She says, “To me YES, AND means don’t be afraid to contribute.”

And this is what I think World Race’s motto is missing. “Say yes” is really only the first step to a lifetime process. As Ms. Fey proves, if you only say yes and then wait for whichever way the wind will blow, you sit in a stalemate until someone else decides to make a move (or begin a new game, as this metaphor would suggest). If you instead choose “Yes AND” you actively join the conversation, the opportunity, the experience. You contribute. You give a little piece of yourself to whatever is being created.

I’ve said yes multiple times on this Race. But I’ve also stopped shortly after that. It’s easy to tell yourself that you’re opting in just because you showed up someplace, or you stayed a little longer, or you went somewhere with someone. But unless you are actively engaged, little difference is made whether you are there or not.

The last rule of improv, as Tina Fey teaches, is to “MAKE STATEMENTS: a positive way of saying ‘Don’t ask questions all the time.’ … Don’t just sit around raising questions and pointing out obstacles. Whatever the problem, be a part of the solution. Make statements with your actions and your voice.”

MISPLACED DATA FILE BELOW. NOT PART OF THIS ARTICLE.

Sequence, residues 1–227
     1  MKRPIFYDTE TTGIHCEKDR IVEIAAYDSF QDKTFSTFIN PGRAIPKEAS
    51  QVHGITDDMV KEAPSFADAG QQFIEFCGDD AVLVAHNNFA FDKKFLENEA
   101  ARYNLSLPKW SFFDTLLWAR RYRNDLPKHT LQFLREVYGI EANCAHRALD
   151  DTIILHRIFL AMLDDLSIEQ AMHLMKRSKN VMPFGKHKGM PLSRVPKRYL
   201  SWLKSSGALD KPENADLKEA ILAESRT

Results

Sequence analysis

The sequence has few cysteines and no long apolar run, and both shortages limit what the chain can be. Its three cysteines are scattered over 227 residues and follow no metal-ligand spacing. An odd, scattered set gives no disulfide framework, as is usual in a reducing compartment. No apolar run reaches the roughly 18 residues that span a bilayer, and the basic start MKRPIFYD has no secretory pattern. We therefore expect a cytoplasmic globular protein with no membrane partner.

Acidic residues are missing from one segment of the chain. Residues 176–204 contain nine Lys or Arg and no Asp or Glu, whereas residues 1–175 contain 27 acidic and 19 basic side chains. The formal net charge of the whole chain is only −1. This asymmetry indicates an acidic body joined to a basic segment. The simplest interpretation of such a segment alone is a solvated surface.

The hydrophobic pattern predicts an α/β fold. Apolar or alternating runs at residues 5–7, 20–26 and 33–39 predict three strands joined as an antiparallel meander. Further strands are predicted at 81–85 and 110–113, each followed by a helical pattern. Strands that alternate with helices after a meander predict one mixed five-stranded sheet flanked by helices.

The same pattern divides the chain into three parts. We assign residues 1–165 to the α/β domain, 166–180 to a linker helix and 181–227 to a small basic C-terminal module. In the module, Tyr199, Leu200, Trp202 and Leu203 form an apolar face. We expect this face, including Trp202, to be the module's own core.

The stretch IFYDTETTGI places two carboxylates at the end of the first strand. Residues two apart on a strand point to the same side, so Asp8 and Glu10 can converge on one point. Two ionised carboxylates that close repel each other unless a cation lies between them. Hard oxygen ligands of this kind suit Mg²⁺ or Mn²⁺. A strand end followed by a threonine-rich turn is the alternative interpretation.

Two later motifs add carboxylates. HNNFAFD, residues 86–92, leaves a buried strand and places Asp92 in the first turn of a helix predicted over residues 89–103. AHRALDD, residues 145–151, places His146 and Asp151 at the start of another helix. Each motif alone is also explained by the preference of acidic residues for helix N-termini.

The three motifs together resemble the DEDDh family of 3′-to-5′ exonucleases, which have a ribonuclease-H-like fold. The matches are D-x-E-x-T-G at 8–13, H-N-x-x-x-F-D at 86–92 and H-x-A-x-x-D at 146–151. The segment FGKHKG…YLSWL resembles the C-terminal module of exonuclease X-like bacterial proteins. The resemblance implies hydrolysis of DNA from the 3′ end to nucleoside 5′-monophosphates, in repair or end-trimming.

So first we must opt in, second we must add a piece of ourselves, and third we must be bold. If we’re constantly apologizing, or rerouting, or attempting to stop the flow and explain a difference in perspective, then this beautiful watercolor tour de force we are forging and shaping grinds to a halt. So there’s a difference of opinion. So someone mistook what you meant for what actually came out of your mouth. So what? If hurt is not being had, go with it! Tina says, “There are no mistakes, only opportunities.” Otherwise known as “beautiful happy accidents. And many of the world’s greatest discoveries have been by accident.”

So to you new or current Racers who might be reading this and thinking, “Why on earth am I reading a World Race blog about improvisational acting??” Because you’ve made it this far and you might as well finish.

And also because these rules work both in improv and in life. This is my challenge, my encouragement, and my prayer: Say Yes AND. Opt in to anything and everything, but then contribute something of your own. Play a part in whatever is happening. Engage in whatever role is available and leave a part of yourself there. Don’t just show up and wait for someone else to take the reigns, or tell you where to stand, or when to say your lines. You don’t need a cue card; you don’t need a stage manager whispering your lines to you. Take it upon yourself to engage. Be honest. Be vulnerable. Be captivating. Be exactly who you are, and leave your mark on the world. But first you must decide to make that leap.